And the world is hungry for the news we bring. You may have heard that the fastest growing religious affiliation in America today are the “nones” – that N-O-N-E-S nones. And often these are the “spiritual, not religious” types. They are often folks who have come up with their own religious views, not wanting to willing simply to accept what others believe.

“In 1985 authors Robert Bellah and Richard Madsen coined the word ‘sheilaism’ in their book Habits of the Heart. As typical of many modern people, they quoted a young nurse, Sheila, who said

‘I believe in God. I’m not a religious fanatic. I can’t remember the last time I went to church. My faith has carried me a long way. It’s “Sheilaism.” Just my own little voice … It’s just try to love yourself and be gentle with yourself. And, you know, I guess, take care of each other. I think He would want us to take care of each other.’

“’Sheilaism’ is shorthand for that kind of religiosity, a rather do-it-yourself well-meaning mish-mash of religious views, often from strands of many religions.”[v]

Now, there’s nothing wrong with this approach to God—it sounds to me like Sheila is on the right track. But what she and the rest of the Nones have forgotten is community: the meaning, and the support, and the strength, and the joy, and the delight of community. Jesus gathers the seventy together to hear his word, and then he sends them out in pairs. It’s all relational. It’s all community.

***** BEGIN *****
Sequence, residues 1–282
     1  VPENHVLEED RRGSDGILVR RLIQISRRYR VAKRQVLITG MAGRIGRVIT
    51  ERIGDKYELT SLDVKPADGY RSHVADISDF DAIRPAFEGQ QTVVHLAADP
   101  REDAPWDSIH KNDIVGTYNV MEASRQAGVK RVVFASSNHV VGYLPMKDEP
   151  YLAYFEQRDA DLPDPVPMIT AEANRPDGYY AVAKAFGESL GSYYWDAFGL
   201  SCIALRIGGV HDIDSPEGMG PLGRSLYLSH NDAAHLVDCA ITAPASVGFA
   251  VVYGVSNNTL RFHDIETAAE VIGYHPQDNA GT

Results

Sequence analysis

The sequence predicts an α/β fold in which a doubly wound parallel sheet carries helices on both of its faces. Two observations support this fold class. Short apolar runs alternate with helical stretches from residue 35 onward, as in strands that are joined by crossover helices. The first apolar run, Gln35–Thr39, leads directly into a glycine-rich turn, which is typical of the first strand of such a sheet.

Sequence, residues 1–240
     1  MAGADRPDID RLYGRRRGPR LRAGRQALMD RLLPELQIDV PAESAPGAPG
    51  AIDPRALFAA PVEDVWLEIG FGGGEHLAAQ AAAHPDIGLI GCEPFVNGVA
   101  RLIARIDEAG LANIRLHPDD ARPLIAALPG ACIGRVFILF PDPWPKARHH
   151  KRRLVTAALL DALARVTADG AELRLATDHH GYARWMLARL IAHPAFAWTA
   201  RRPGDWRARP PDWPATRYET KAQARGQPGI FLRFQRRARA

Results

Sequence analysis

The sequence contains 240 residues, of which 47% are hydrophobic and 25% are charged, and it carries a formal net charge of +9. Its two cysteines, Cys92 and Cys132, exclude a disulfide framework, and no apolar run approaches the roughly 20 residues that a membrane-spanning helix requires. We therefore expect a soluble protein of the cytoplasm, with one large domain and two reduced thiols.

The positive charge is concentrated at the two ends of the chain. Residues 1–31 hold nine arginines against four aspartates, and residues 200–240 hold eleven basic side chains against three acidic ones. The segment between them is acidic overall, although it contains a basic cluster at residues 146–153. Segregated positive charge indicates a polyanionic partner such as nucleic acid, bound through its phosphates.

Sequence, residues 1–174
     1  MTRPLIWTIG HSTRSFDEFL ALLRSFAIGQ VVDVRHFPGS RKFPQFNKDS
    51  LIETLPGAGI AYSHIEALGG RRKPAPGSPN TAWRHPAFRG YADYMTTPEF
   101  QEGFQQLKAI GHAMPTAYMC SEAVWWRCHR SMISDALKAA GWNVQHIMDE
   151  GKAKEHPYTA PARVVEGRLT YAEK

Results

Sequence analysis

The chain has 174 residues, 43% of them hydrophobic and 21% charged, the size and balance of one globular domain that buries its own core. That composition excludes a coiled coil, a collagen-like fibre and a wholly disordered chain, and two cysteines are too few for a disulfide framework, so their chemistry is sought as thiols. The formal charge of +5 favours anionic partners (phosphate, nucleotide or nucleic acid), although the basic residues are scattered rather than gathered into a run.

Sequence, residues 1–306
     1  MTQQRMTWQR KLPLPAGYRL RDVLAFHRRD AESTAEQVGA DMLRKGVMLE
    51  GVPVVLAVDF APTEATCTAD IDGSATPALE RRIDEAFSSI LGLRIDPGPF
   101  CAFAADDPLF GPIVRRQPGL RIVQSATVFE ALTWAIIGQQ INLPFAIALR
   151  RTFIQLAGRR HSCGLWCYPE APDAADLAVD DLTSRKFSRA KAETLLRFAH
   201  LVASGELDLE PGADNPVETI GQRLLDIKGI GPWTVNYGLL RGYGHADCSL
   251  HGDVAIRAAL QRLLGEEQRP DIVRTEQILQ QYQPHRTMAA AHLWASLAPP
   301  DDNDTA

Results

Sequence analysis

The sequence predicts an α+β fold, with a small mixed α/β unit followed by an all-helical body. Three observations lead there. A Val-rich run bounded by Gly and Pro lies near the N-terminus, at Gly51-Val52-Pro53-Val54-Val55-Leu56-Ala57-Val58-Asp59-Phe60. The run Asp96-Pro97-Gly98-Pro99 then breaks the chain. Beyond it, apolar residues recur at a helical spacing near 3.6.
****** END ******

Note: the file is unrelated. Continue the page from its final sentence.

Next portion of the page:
The key to the model Jesus introduces in this morning’s gospel is that we strengthen each other to do the work of Christ. Together we can act as Christ’s hands and feet and heart for the world; together we can spread the Good News of Christ, inviting others into relationship with God and the Church; together we can reap the harvest that God has prepared.

And we who are now St. Michael’s have an amazing legacy undergirding us. But just like the supports for the bells in our tower, we must continually renovate and remake ourselves, so that we can best serve the world today. And we must dare to go outside of our comfort zones and dare to share the good things we have found in this place with those outside who are hungry for the nourishment that we all enjoy.

Each of us must do the work of evangelism. It will require learning how to tell your story: How you came to know God; how God has acted in our life; how you have found God in this community. It will also require a willingness to share the good things in your life with others.

I so look forward to hearing your stories, and to telling you mine. I look forward to being part of this community with you. I look forward to learning from you what we can do to bring the gift of Christ to more and more hungry people. I look forward to working with you to share the gift of St. Michael’s.

There’s a sweet, sweet spirit in this place, and I know that it’s the Spirit of the Lord. Amen.



[i] Lose, David J. Feasting on the Word: Preaching the Revised Common Lectionary, Year C, Volume, David L. Bartlett and Barbara Brown Taylor, editors. Louisville: Westminster John Knox Press, 2010. pp. 215, 217.

[ii] Heath, Elaine A. Feasting on the Word, p. 214.

[iii] Bonsey, The Rev. Steven. A Shy Person’s Guide to the Practice of Evangelism. The Episcopal Diocese of Massachusetts, 2004. p. 8.

[iv] Ibid, p. 4.